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The iTunes model?

Discussion in 'Journalism topics only' started by Bullwinkle, Jun 21, 2009.

  1. Bullwinkle

    Bullwinkle Member

    This is a spin-off to the "charge for online content" thread. If you are tired of this topic, please move on. But I've always been curious about this and finally decided to post my idea for some feedback. I'm sure this idea sucks something fierce but I'm going to give it a try anyway.

    Okay, so here goes:

    I've never understood why newspapers don't try the iTunes model. For those of you who have never purchased music through the online store at iTunes, let me explain how it works.

    1. You create a user name.
    2. You register a credit/debit card to your user name.
    3. To purchase music with your card -- $0.99 per song, $9.99 per album -- you click a button. You don't even have to re-enter your credit card information if you don't want to. I have mine set up so that it automatically withdraws $0.99 from my account every time I purchase a song. I download a handful of songs each month and I receive the charges on my statement usually within a day or two. It's very easy -- almost too easy.

    Here's how I envision it. Newspapers post 3-5 graphs of every story online. If it's an investigative piece, or something big, then yeah, it will probably be more. But as a baseline, enough paragraphs so that the reader will know what the article is about and where it's headed. For a small fee -- $0.20 -- you can read the rest. For $0.35, you can read the whole section. For $0.50, you can read the whole damn paper. Or whatever. I don't really have a clue how the pricing would work. If it's a five-part story, charge a dime per part. If it's enterprise, charge what it's worth. But the bottom line is this: anything can be had for a small price. One click of the button. A charge you won't even notice. Just like iTunes.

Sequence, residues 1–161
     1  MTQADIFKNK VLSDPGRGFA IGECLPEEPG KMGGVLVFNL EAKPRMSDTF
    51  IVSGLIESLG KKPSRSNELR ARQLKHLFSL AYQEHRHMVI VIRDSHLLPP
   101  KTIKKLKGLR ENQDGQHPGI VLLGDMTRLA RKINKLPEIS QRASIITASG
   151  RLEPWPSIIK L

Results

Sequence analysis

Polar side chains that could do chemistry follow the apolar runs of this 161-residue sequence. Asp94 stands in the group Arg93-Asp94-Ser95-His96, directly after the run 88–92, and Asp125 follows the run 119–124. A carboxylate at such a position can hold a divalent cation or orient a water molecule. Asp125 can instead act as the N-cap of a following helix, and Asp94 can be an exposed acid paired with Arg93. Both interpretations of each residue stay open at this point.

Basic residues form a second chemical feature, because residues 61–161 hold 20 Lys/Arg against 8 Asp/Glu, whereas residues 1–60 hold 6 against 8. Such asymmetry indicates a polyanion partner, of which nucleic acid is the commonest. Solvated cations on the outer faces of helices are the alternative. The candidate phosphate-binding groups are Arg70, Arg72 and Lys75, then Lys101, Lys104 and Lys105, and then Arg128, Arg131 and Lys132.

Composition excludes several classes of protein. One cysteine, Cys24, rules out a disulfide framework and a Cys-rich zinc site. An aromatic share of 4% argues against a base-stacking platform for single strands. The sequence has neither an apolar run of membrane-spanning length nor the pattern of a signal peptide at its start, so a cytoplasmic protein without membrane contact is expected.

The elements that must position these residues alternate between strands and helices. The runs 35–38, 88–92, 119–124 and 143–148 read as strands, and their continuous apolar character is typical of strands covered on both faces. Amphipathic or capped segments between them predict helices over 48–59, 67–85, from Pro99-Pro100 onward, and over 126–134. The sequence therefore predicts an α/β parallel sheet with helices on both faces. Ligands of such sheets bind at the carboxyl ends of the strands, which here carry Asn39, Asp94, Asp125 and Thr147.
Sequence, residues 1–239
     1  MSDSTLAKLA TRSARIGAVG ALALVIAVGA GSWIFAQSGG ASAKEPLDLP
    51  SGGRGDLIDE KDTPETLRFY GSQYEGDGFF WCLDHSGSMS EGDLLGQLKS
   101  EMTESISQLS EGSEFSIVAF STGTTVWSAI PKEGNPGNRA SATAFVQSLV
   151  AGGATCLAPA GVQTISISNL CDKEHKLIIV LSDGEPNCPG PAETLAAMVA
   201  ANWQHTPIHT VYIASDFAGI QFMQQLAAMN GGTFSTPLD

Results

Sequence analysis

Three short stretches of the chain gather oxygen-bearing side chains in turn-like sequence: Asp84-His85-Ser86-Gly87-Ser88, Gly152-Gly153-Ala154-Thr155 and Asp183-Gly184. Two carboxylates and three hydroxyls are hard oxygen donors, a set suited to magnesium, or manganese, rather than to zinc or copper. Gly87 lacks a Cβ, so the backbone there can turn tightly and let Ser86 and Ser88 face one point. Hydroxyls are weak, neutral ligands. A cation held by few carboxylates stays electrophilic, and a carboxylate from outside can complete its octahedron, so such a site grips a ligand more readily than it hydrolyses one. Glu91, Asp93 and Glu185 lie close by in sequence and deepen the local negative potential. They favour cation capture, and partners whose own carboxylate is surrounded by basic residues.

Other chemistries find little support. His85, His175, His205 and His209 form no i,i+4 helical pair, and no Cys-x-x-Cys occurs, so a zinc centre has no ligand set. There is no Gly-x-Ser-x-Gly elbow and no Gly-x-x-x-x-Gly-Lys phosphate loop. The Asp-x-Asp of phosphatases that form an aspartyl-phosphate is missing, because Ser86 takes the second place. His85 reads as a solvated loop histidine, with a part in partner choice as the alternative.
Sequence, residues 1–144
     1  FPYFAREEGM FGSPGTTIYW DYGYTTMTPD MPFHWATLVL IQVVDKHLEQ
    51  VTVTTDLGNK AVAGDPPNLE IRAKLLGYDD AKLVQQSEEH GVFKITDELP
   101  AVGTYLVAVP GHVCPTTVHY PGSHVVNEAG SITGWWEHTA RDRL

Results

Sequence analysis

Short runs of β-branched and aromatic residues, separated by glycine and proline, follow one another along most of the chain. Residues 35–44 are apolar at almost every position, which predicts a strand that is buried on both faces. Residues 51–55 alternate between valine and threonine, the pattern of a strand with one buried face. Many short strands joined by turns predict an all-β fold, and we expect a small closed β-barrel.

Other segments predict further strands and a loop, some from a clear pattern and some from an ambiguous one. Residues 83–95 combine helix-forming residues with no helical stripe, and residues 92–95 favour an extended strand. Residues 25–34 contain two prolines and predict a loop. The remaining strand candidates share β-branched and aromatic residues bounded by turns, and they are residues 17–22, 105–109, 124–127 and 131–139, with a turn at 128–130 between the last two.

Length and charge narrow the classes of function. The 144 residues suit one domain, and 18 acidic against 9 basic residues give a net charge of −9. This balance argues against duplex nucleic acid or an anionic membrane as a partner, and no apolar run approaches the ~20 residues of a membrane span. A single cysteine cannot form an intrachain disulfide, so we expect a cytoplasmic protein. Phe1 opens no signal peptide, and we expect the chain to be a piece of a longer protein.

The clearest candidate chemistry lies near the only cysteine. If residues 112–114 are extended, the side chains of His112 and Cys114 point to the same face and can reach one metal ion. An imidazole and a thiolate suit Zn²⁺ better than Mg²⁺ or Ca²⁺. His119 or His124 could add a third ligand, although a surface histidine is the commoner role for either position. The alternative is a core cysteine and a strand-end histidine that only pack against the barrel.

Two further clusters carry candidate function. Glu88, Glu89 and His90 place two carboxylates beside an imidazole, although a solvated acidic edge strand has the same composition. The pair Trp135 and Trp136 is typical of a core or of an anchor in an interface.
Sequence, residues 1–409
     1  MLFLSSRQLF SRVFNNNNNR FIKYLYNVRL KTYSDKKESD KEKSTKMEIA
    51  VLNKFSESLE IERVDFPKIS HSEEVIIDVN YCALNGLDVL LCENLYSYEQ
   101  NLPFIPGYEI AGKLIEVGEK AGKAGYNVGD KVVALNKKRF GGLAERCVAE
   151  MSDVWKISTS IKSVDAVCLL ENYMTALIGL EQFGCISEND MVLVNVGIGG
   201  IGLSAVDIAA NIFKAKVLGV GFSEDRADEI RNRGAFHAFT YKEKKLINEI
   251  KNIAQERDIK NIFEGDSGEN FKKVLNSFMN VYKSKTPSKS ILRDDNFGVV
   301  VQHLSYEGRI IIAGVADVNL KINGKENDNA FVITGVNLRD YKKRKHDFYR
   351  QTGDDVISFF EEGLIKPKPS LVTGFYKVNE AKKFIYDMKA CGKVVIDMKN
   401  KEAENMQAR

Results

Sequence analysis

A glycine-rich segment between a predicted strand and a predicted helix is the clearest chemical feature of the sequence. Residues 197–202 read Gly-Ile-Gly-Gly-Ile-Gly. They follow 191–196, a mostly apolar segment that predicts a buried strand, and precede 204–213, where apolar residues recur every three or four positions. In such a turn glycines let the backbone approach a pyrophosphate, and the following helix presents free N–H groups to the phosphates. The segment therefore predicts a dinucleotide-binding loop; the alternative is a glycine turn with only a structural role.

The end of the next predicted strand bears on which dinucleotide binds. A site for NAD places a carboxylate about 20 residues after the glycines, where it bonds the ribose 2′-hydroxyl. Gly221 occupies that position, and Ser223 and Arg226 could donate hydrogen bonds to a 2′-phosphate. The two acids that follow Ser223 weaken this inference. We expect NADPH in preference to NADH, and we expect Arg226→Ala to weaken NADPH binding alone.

And sure, some articles (or sections) will be free. Obituaries. Classified ads. News briefs. Weather reports. Sports scores. Breaking news updates. All that can be free. But not everything.

    I have no idea what effect, if any, charging these tiny fees would have on the bottom line. I'm not smart enough to figure that out. But at the very least customers are putting their credit cards on file -- and that would be a heck of a first step toward charging for online content in some capacity. Maybe customers would eventually decide to subscribe at a small weekly fee that would automatically be billed to their credit card. Maybe they'd purchase pictures that could be downloaded in high-res quality. Maybe they would purchase pdf's of newspaper pages. Whatever.

    Now tell me how dumb I am. :'(
     
  2. RickStain

    RickStain Well-Known Member

    It's not dumb at all. It's worth a try.

    The big problem is that songs have repeat value and iTunes has almost no overhead.
     
  3. fishwrapper

    fishwrapper Active Member

    I doesn't work. Has to do with consumer re-userability.
    iTunes, or the a la carte or the micro payment plan works only with continued returns. Plus, there's question of viability even at the highest level.